The highly cited articles in each stage that counted by CNKI database were showed in additional file [see Additional file 1]. The deadline for citation counting was February 2, 2020. The citation frequency of high-cited articles varied greatly in each stage, and the theme represented by articles also varied greatly. In the 1980s, the most cited articles mainly focused on Anopheles; in the 1990s, the themes increased, but the antimalarial drugs and vectors were the main ones; in 2000s and 2010s, there were more citation to the epidemic analysis; but in the past ten years, retrospective and summary research articles received more attention.
Keyword frequency analysis
The word clouds of different stages (Fig. 3) reveal the following features: 1) falciparum malaria, vivax malaria were the main types of malaria in China; 2) Anopheles sinensis was main malaria vector; 3) imported cases, surveillance and elimination had come at the forefront of concerns in the fourth stage.
For the analysis of single keyword, the keyword ‘Plasmodium falciparum’, it maintained the fourth rank in the first three stages, but its’ K/A ratio had been in a state of decline, 17.05% in 1980s, 13.04% in 1990s, 9.86% in 2000s. The keyword ‘falciparum malaria’, it’s frequency rank rose from seventh in 1980s to fourth in 2010s, but its’ K/A ratio declined from 12.97% in 1980s to 7.82% in 2010s. These results suggested that there were some common patterns in the change of K/A ratio.
The heat map (Fig. 4a) showed two obvious change pattern of K/A ratio from an overall perspective. It clearly showed that the K/A ratio of some keywords continuously decreased, and some continuously increased (Fig. 4b and Fig. 4c). Keywords in continuous decrease of K/A ratio were ‘internal medicine’, ‘Plasmodium falciparum’, ‘vivax malaria’, ‘falciparum malaria’, ‘Anopheles sinensis’, ‘antimalaria drugs’, etc. Keywords in continuous increase included ‘imported case’, ‘surveillance’, ‘artemisinin’, ‘floating population’, ‘epidemiological characteristic’, ‘elimination’, etc. In essence, these two patterns were the manifestation of the research theme change.
Keywords co-occurrence network
Figures 5, 6, 7, and 8 were the maps of keyword co-occurrence network in four stages.
According to the strength of the co-occurrence relationship, the keywords in the four stages were respectively divided into 5 clusters in 1980s (Fig. 5), 6 clusters in 1990s (Fig. 6), 5 clusters in 2000s (Fig. 7), and 7 clusters in 2010s (Fig. 8). These clusters were considered as research themes, and each theme could be divided into sub-themes according to the subjects that were represented by specific keywords in the cluster.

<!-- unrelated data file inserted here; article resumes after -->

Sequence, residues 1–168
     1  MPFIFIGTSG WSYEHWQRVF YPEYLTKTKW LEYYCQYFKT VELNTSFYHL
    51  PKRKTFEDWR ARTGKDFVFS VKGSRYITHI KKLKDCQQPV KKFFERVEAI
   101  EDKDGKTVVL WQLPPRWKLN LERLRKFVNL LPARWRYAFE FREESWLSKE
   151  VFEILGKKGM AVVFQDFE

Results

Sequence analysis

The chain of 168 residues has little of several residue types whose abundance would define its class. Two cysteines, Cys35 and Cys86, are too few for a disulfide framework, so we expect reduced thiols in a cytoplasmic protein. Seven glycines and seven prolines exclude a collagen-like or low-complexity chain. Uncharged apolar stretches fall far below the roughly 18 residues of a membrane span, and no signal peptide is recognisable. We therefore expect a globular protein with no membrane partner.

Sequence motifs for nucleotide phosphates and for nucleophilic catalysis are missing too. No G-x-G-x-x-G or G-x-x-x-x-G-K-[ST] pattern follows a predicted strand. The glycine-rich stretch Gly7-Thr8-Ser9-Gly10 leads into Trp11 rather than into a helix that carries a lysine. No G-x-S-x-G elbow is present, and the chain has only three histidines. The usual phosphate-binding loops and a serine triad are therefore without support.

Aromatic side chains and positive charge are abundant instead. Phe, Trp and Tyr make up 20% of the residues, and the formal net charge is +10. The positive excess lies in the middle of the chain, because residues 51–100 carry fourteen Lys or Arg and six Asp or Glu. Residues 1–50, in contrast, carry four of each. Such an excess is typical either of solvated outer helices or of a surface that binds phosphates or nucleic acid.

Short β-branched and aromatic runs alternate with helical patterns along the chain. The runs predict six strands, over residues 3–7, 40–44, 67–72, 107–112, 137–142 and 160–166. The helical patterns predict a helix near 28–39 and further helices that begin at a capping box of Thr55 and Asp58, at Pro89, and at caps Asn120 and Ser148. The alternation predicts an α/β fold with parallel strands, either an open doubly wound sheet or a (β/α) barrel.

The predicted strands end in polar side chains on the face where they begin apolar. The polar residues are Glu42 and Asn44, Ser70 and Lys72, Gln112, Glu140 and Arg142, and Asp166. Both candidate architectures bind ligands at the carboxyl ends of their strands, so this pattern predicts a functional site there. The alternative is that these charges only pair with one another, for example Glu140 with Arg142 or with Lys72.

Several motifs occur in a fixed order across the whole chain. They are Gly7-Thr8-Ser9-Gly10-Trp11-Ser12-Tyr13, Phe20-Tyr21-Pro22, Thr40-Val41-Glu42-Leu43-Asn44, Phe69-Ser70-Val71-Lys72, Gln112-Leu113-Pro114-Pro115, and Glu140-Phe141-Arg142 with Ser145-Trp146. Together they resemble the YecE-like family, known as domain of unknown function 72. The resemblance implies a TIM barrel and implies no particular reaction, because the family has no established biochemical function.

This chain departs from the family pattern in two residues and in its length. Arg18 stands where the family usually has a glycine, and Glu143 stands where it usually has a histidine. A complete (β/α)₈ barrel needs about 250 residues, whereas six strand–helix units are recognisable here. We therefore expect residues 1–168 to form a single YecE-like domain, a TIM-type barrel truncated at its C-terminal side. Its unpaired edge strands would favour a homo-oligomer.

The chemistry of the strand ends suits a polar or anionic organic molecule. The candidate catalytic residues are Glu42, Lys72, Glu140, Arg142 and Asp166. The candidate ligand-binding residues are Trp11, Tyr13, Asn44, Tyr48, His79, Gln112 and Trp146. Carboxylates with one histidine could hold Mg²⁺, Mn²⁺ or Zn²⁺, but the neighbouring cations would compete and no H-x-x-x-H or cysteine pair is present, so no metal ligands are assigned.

From the perspective of whole network maps of four stages, in 1980s (Fig. 5), the blue cluster was centered on ‘Anopheles’ and included keyword ‘Anopheles sinensis’, ‘Anopheles anthropophagus’ and ‘Anopheles minimus’. And the same situation occurred in 1990s (Fig. 6, green cluster). This two clusters had obvious boundaries with other clusters in their own networks. This result indicated that researches on Anopheles had high independence. But in 2000s, this kind of independence became weak. And in 2010s (Fig. 8), this kind of independence was disappeared. The boundaries of clusters were difficult to identify. For the analysis of the network structure among the clusters, the boundaries between two clusters in one stage became more and more blurred, especially in 2010s (Fig. 8). Figure 8 also showed that many main nodes in one clusters are also intermediaries with other clusters. This result suggested that the relationship between research themes is no longer the weak connection due to sub-themes’ co-occurrence in the past, but a strong connection that emerged from the deep integration of the subjects and research methods.
From the perspective of the cluster in different network maps, in the blue cluster in 1980s (Fig. 5), the peripheral keywords, which were around the central keyword ‘Anopheles sinensis’, included ‘retention spray’, ‘ecological habit’, ‘life history’, etc. However, in the blue clusters in 2010s (Fig. 8), peripheral keywords around the central keyword ‘Anopheles sinensis’, included ‘surveillance’, ‘drug resistance’, etc. It was found that the keywords that represented the research object, such as ‘falciparum malaria’, ‘Plasmodium falciparum’, ‘Anopheles sinensis’, were always the central keywords in different stages. But peripheral keywords, which represented the research fields, around central keywords changed. For ‘Anopheles sinensis’, in 1980s, the research direction was entomology. In 2010s, the research direction was insect vector control. So this result indicated that the research direction around the central keywords was changing with the process of malaria elimination.
For the analysis at node level, in all four keyword co-occurrence network maps, some nodes in one cluster only had co-occurrence with the nodes inside this cluster, and other nodes had co-occurrence with multiple nodes outside this cluster. Under this common feature, there were differences in details, such as the link density between nodes. In Fig. 7, we clearly observed that the network of green clusters looks more complex than the red clusters on the premise that the number of nodes is not much different between the red clusters and the green clusters. This result indicated that the co-occurrence between the nodes in the green cluster was more divergent, while the co-occurrence relationship between the nodes in the red cluster was more directional. This meant that the sub-themes represented by the nodes in the red cluster have a high degree of independence.